You really lucked out, in the child lottery, didn't you? Just look at her, that daughter of yours. She's beautiful, obviously-everybody says, she's going to have movie star looks, when she grows up. She's healthy-just the usual childhood illnesses, and she's in the ninetieth-percentile of height, for her age. It goes without saying that she's smart-she was the best thing in the kindergarten Thanksgiving pageant last year, (O. K. , so she flubbed a couple of lines; at least you could hear her!).
But, if she's so perfect (and she has such perfect parents), what's that nagging fear, in the pit of your stomach?
"BUY ME THAT DOLL!!! NOW!!!"
Oh, right. It's the fear that maybe, just maybe, she might be the teeniest, tiniest bit…spoiled. But what a voice, huh?
Kids today are blasted with advertising, from the time they're cognizant. From TV ads, warning them that they can't live without the latest new and improved …whatever… to billboards at the soccer field, young children are the focus of multi-billion-dollar campaigns to separate parents from their dollars.
So, how do you say “no" to an angel?
The best way is to start when she's young. Your toddler won't understand the concepts of value and money, but if you start that discussion early in her development, she'll be used to it, by the time she's old enough to understand. She'll test you, when you say no-that's her job, as a growing human being. Another part of her job is learning her boundaries and yours. If you say no, gently but firmly, and stick to it, she'll learn, eventually, that nagging and begging doesn't work.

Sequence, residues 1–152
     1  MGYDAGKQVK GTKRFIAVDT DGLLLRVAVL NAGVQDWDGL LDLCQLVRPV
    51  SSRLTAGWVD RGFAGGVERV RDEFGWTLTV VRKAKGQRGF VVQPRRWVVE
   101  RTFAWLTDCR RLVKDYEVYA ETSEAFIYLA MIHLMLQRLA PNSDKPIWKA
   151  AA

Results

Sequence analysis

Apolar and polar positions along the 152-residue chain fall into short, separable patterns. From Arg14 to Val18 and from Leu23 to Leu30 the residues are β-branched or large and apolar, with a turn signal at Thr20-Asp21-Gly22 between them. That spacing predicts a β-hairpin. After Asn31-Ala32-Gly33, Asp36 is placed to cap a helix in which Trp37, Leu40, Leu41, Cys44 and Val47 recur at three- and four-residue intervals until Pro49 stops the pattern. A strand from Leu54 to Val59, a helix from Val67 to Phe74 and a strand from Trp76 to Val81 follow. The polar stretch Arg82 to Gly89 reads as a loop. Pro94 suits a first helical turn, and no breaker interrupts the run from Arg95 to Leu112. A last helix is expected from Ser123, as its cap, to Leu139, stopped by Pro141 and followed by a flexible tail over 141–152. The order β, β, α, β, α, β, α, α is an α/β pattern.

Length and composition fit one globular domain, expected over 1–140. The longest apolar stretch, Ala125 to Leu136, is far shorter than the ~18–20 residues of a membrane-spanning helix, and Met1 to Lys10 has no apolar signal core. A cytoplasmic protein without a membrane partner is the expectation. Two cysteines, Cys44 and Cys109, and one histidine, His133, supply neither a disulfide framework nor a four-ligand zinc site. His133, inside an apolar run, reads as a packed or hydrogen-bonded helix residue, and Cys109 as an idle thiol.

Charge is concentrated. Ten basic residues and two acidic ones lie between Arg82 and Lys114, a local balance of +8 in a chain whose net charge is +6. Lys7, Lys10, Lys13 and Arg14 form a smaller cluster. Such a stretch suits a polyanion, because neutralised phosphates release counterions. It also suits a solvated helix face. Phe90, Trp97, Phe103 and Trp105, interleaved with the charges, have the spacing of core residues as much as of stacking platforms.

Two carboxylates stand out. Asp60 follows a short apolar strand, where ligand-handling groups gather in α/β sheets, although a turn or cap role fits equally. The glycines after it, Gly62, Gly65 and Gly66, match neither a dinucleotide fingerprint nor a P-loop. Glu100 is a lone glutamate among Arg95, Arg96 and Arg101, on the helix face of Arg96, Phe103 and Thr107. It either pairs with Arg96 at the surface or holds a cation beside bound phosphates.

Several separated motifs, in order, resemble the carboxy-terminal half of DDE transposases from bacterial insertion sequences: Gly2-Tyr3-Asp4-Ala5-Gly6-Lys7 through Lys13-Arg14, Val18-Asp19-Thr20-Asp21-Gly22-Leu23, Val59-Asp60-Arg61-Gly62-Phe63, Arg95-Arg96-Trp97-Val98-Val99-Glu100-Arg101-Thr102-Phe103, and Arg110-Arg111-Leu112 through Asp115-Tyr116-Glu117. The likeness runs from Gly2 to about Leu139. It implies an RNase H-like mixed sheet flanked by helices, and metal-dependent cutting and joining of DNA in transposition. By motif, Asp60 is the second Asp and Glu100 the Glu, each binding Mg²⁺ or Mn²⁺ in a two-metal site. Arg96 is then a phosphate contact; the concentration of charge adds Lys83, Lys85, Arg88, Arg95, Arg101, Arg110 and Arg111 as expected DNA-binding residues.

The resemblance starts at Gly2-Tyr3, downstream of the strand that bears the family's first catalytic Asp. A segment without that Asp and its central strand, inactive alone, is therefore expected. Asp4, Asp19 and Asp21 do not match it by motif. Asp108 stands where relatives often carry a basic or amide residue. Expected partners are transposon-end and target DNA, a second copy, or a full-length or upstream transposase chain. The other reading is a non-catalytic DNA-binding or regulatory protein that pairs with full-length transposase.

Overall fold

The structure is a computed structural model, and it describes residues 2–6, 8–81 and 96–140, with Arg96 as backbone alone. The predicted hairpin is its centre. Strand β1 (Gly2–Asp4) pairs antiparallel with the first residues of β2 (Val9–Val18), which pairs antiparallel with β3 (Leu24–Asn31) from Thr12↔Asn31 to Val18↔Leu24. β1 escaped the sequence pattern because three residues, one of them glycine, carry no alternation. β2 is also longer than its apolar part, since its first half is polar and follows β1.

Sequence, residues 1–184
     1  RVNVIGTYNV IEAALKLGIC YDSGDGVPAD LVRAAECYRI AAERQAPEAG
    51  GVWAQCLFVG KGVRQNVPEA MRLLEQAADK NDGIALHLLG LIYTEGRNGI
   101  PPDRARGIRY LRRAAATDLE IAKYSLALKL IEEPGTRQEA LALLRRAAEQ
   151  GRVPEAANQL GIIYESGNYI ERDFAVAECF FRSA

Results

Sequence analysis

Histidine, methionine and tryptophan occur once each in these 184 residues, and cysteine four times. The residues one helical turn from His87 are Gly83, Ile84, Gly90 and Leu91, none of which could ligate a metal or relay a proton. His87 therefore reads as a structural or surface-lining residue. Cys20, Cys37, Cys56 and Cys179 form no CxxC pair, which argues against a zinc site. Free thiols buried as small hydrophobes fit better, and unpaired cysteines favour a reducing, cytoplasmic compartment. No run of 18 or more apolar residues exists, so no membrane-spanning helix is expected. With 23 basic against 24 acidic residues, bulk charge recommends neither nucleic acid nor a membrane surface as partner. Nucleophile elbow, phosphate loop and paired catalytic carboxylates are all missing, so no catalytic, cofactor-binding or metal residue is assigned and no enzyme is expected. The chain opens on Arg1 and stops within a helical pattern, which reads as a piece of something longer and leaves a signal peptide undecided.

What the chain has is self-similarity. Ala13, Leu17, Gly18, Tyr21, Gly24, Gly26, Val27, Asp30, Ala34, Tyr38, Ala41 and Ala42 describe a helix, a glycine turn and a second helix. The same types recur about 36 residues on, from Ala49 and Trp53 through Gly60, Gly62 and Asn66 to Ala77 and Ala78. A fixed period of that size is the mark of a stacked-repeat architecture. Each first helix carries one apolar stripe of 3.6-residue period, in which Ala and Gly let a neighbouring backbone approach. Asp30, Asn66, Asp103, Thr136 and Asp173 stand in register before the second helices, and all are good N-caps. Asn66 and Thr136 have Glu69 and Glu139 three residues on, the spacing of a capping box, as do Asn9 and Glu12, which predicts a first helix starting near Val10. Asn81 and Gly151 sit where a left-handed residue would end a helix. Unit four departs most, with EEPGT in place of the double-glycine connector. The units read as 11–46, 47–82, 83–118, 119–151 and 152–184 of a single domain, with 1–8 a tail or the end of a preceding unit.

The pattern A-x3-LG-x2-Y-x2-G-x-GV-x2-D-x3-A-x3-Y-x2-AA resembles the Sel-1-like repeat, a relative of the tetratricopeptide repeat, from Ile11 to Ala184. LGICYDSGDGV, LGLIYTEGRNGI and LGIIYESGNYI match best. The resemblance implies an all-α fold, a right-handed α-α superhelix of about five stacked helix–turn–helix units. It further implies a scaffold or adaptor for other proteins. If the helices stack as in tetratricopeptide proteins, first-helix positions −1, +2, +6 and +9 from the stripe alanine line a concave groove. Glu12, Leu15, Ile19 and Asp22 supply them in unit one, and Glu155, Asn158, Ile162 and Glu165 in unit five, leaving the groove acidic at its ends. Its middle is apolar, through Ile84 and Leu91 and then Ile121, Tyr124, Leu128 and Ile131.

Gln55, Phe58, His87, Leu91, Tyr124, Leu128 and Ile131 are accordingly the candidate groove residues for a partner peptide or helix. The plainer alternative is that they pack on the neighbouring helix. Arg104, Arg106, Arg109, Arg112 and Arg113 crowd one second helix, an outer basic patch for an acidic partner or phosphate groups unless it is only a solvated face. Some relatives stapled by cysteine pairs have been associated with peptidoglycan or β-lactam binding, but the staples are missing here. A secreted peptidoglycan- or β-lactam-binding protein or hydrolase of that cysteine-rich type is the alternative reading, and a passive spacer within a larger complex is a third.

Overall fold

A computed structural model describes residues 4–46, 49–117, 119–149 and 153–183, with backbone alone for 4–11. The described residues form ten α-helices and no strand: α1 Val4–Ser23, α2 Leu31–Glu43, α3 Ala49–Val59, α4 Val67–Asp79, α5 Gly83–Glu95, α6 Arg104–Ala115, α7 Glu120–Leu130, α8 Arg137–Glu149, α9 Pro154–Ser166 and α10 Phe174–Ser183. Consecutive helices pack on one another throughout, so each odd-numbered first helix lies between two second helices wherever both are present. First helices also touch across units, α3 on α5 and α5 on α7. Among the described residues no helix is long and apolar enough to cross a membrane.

Make her work for it. Even young kids can understand the concept of reward. Add some new chores, to her normal, daily ones. If she completes these new tasks, regularly, promise her the new…whatever…as a prize. She'll start to understand the value of work, as well.
TV is the great babysitter of our time, but you can limit the amount of commercial TV your daughter watches, and thus, her exposure to advertising. Parents who do this often find that, when they go shopping with their kids, many of those toys that look so big and pretty on TV seem so small and junky on the store shelves, and their kids are far less attracted to them.
Even grocery stores know how to snag your daughter's interest. Toys and candy fill the shelves at the checkout lane, and she's bound to want something. Show her your list, before you go shopping, and explain that the purpose of the trip is to buy things the whole family needs, and that if it's not on the list, you don't need it. Or make a deal with her, before the trip to the store-if you have enough money, after securing the family's needs, you might buy her one small item, if she's been helpful and well-behaved. A lot of parents find it easier to do the grocery shopping during times when their children can't go-during school hours or later in the evening.
The most important thing you can do for yourself and your perfect angel is to realize that your daughter's tears don't necessarily make you a bad parent. Setting limits-even limits on new…whatevers-will help teach her responsibility, and make both your lives much more pleasant, in the long run.
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